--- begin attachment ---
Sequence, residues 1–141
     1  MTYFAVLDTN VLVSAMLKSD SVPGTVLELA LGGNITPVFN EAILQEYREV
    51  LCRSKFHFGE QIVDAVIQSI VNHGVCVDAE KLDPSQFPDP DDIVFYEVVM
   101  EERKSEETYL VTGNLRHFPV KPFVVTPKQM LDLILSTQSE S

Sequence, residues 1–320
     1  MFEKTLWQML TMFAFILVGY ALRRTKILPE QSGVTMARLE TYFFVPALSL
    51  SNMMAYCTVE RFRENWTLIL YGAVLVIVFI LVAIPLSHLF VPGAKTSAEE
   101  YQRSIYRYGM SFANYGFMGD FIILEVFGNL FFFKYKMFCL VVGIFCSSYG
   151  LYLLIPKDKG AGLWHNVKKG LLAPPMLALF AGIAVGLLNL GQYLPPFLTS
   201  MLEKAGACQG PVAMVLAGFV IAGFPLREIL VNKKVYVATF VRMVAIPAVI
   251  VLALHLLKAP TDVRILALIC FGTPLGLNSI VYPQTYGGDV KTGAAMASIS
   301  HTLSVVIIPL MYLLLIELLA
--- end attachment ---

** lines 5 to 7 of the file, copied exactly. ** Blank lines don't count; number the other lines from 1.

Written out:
Sequence, residues 1–320
     1  MFEKTLWQML TMFAFILVGY ALRRTKILPE QSGVTMARLE TYFFVPALSL
    51  SNMMAYCTVE RFRENWTLIL YGAVLVIVFI LVAIPLSHLF VPGAKTSAEE